The proof will be in the detailed hands-on reviews but the slight increase in picture quality may be hard to justify the larger file sizes of the 8MP photos and 1080p video. Fewer photos and videos will be able to be stored on your iPhone and when users fill up their memory, iOS5 purges data cached from iCloud and other sources, hindering performance of your apps. Of course this may be a conscious decision on Apple's part to encourage you to get the new 64gb model. Also important to consider is that since every photo is now being sent to iCloud after it is taken, the larger uploads will likely decrease battery life. This could scare users away from using iCloud which would be a real shame. This is not a deal breaker, it's just disappointing.

Bad: No Obvious Game Changing Feature
I lot of people have felt let down by this release. The fact that they spent four extra months than usual working on what is just an upgrade of their old phone means questions will start to be asked about whether or not Apple is sitting on their laurels. The next big frontier in the smart phone market is likely digital wallets and easier interactions between devices using technologies like NFC. We now know it's likely going to be a year until Apple shows its hand in this area and Google may well be on its way by then.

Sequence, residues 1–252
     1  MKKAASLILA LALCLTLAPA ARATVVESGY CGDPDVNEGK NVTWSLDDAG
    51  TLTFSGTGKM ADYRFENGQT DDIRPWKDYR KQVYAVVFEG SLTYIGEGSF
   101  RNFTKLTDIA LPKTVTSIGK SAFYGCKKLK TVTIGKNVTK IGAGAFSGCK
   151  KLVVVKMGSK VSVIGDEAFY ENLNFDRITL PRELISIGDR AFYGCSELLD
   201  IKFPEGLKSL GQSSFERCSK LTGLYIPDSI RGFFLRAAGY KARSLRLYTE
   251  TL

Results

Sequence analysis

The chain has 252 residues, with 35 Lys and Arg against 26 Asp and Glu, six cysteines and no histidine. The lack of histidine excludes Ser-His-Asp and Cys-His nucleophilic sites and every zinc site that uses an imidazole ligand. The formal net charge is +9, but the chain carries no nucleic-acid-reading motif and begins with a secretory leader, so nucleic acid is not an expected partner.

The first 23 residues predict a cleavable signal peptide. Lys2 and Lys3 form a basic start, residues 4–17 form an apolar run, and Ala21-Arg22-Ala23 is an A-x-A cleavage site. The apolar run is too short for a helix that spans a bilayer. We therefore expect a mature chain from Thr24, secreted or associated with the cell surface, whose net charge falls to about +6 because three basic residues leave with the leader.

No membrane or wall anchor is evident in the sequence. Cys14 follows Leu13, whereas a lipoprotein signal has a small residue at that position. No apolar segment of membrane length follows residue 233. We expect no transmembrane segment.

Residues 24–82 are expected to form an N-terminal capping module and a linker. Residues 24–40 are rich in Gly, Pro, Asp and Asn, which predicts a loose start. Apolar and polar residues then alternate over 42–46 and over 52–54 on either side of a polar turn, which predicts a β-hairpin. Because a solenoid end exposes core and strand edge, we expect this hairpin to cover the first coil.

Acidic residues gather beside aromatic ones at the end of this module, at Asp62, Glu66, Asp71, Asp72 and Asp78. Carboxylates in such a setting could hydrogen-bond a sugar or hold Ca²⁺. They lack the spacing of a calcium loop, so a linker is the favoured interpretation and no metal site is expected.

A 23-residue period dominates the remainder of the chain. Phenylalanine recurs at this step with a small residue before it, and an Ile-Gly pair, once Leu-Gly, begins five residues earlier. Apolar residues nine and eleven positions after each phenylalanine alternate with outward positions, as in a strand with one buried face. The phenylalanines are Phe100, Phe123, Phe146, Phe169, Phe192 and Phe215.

Of course, there is a real game changing feature that Apple is releasing:  iCloud. Unfortunately, due to its backwards compatibility with older devices and with its seamless integration, like with iMessages, consumers may tend to take it for granted or not even know it is there... unless something goes wrong.

Conclusion: Is it worth upgrading to the iPhone 4S?
If you are out of contract on an iPhone 3G or 3GS and you want a new phone that can run all the cool Apps you have bought on the App Store, the decision is easy. The 4S takes great features from the classic looking iPhone 4 and adds the A5 processor. The new chip is worth it alone, future proofing you so that by the end of your two year contract your phone should still be running the latest apps and games.

If you already have an iPhone 4 you can relax, you still get iCloud and iOS5 for free. This time next year there will likely be a new iPhone with many more temptations.

If you still have a "dumb" phone or you're sick of Android and considering moving to the iPhone, the 4S is not such a bad place to jump in. The simplicity of iCloud keeping your data backed up and the awesome range of high quality mobile apps are worth it alone without even considering the hardware.

What Size Should I Get?
Normally I suggest getting the model with the smallest amount of space since those who usually fill it up are the ones who know how to use iTunes Home Sharing and apps like Air Video etc to stream their content to your iOS device. iCloud should also allow us to store more stuff in the cloud and less on our phone. Unfortunately due to the decision to use 8MP photos and 1080p video and the strange mix of wireless syncing solutions in iOS5, if you like taking lots of videos and photos on your phone but too lazy to micromanage the storage, you're probably going to be looking at needing at least 32gb, perhaps even 64gb. So, consider how you use your phone first.